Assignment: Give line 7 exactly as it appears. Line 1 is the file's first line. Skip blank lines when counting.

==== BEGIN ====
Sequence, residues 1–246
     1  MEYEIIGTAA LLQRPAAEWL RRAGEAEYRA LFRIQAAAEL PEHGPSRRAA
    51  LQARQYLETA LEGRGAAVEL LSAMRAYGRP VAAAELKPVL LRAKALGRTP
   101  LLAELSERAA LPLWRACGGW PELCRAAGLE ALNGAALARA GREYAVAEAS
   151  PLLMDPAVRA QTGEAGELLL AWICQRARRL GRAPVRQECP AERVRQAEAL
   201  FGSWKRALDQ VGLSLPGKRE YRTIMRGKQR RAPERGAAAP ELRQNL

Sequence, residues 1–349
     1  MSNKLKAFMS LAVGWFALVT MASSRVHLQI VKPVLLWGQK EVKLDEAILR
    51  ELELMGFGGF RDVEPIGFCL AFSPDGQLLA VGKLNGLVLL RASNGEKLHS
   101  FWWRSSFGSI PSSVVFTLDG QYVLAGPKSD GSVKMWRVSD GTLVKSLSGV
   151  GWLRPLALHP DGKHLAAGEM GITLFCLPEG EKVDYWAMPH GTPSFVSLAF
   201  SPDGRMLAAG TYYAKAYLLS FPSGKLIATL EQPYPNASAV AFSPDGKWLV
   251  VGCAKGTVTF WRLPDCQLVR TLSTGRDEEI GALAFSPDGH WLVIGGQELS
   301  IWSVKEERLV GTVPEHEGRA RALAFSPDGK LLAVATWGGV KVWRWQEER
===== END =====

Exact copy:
Sequence, residues 1–349